It was late at night, and the boys had had not a little difficulty in stealing away from the school unobserved. With all in readiness, the three boys who were awaiting to be initiated were sent for, and they presently appeared, escorted by four of the club members, each carrying a bright and very blunt sword. As they came into the old boathouse, lit up by various fantastic lanterns representing skulls, dragons, and the like, the Gee Eyes set up a low chant:

"Hail the victims! Let them come!
Let them enter, one by one!
Let them bow the humble knee!
Let them now forsake all glee!
Death! Blood! Tomb!"

And then arose a weird groaning, calculated to make any lad feel uneasy. The three victims were forced to their knees and made to touch three chalk-marks on the floor with their noses. Then one of the members of the club came forward with a big tin wash-basin and sprinkled them with what looked to be water but was really ammonia. This caused some coughing and some tears commenced to flow. But the victims were "game" and said nothing.

"Lock two of them in yonder dungeon cell," commanded the Right Honorable Muck-a-Muck. "They shall be led to their fate later." And the Soden brothers, twins named Joe and Henry, were led to a big closet of the old boathouse and thrust inside.

Then Tom Atwood was taken outside, and a long march commenced behind the school grounds and leading to a secluded spot among some bushes. Here Atwood was suddenly blindfolded and his hands tied behind him.

"Now to Jackson's Gully with him," cried several, and then the party proceeded a little further into the bushes.

"Look out, don't slip into the gully," whispered one member, but loud enough for Tom Atwood to hear.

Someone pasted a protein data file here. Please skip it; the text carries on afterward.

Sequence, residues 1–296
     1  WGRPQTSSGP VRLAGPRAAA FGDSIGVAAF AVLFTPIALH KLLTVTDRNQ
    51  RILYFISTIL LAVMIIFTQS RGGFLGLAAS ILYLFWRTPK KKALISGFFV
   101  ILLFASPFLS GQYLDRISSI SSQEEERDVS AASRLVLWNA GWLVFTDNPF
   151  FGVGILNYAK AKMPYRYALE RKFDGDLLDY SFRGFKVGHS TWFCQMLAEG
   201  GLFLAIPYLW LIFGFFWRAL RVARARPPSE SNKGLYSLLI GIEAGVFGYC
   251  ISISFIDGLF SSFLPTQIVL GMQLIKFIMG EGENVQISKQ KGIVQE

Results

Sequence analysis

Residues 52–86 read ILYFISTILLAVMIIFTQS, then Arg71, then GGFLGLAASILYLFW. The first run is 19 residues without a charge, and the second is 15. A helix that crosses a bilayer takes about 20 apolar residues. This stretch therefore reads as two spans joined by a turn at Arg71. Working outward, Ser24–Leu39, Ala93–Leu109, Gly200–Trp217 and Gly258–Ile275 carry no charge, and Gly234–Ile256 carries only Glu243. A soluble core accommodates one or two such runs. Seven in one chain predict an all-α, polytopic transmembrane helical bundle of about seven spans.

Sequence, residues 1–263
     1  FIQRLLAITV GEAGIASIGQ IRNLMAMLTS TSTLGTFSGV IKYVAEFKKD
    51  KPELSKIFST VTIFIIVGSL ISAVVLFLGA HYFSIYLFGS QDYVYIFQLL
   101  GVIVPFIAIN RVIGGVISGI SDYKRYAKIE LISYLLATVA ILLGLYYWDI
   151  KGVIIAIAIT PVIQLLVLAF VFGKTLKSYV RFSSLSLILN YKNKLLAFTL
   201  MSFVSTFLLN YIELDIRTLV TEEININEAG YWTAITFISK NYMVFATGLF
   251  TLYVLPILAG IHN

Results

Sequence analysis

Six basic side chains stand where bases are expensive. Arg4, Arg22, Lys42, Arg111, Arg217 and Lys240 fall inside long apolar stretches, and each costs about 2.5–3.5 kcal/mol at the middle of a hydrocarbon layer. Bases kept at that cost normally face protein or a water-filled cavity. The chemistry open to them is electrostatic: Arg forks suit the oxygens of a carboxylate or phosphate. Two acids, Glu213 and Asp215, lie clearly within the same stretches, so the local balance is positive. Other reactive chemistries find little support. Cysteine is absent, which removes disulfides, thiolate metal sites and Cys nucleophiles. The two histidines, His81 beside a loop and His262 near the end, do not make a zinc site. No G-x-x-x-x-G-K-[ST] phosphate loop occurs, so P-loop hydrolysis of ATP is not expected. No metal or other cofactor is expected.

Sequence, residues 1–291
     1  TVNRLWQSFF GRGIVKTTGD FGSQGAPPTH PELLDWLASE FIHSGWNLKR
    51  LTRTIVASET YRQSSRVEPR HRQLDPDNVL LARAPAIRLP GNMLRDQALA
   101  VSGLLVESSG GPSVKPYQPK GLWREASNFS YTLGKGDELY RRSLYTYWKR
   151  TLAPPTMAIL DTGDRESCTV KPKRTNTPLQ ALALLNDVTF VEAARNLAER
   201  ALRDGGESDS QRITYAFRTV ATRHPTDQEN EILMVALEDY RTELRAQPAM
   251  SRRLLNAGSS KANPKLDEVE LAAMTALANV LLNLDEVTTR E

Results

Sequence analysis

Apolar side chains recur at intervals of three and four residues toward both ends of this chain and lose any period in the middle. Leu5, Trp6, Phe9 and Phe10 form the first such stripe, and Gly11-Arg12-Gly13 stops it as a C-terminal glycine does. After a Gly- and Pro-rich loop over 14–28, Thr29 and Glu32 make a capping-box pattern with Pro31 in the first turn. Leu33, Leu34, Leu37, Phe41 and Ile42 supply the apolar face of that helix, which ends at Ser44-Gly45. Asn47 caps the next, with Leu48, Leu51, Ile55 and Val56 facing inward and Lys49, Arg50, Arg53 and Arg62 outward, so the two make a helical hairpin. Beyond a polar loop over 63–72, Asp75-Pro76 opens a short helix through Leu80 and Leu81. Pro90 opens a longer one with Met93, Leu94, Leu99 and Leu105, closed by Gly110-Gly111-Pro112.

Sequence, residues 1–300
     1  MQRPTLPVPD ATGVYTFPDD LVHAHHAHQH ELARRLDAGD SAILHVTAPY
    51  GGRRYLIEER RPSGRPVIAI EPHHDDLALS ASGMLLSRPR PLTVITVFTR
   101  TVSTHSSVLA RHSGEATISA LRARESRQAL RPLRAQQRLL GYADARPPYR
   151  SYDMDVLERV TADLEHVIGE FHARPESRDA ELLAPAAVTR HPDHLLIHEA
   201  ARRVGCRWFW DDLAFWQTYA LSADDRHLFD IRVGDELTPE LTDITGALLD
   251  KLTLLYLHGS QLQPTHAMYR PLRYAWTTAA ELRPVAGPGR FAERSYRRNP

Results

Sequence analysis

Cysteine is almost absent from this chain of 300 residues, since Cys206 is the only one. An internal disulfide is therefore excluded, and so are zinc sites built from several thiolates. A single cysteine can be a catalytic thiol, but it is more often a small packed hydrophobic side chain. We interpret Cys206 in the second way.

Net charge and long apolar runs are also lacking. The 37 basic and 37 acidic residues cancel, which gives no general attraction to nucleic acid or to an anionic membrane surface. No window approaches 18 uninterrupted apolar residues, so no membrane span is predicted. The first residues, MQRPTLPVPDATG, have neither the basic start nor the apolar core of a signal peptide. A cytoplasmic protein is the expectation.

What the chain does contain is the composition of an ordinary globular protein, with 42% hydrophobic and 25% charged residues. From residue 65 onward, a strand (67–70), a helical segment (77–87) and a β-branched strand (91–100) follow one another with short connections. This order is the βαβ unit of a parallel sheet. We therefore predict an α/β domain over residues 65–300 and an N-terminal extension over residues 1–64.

"Oh, I'll take care!" whispered another. "Why, the gully is a hundred feet deep around here."

Then Tom Atwood was led up and over some rocks and halted a short distance beyond.

"Say, that looks mighty dangerous to me," whispered Roger.

"Oh, he'll get over if he's got nerve," answered Dave.

"Base slave, list thou to me!" cried the president of the Gee Eyes. "We have brought thee to the edge of a gully some hundred feet deep. If thou wouldst become a member of this notorious – I mean illustrious – organization thou must cross the gully on the bridge we have provided. Dost thou accept the condition?"

"I – I don't know," faltered Tom Atwood. "I – I can't see a thing."

"Nor wilt thou until thy task is accomplished. The gully must be crossed, otherwise thou canst not be of us."

"How big is the bridge?"

"One board wide."

"Any – er – handrail?" went on the victim.

"Nary a handrail," piped up a small voice from the rear. "What do you want for your money, anyway?"

"Say, that puts me in mind of a story – " came from another, but he stopped short as a fellow-member hit him with a stuffed club.

"I – I don't know about this – " began Tom Atwood. "I – oh, say, let up!" he cried, as he received several blows from stuffed clubs. "I – oh, my back!"

"Wilt try the bridge?" demanded the Right Honorable Muck-a-Muck.

"Yes, yes, but can't I – I crawl if I want to?"

"Thou canst, after thou hast taken seven steps."

"All right, here goes then."

Tom Atwood was led forward to the end of a long plank.

"Be careful," he was cautioned. "There, put your foot there and the other one right there. Now you are all right."

"And must I really – er – stand up and take seven steps?"

"Yes, exactly seven, or woe betide thee!" came the answering cry.

With great caution the blindfolded victim took a step and then another. He was trembling visibly, which caused the club members to shake with silent laughter. He counted the steps and when he had taken just seven he fell on his hands and knees, clutching the sides of the plank tightly.

"Ho – how long is – is it?" he asked, his teeth commencing to chatter. "I – I ain't used to climbing in such places. It – it makes me dizzy!"

"Go on! go on!"

"The plank is only fifty-four feet long," said one boy.

"Oh, my! fifty-four feet; I'll go down – I know I will!"

Slowly, and clutching the plank with a death-like grip, Tom Atwood moved forward a distance of eighteen feet. Then the plank came to an end. He put out one hand after the other, but felt only the empty air.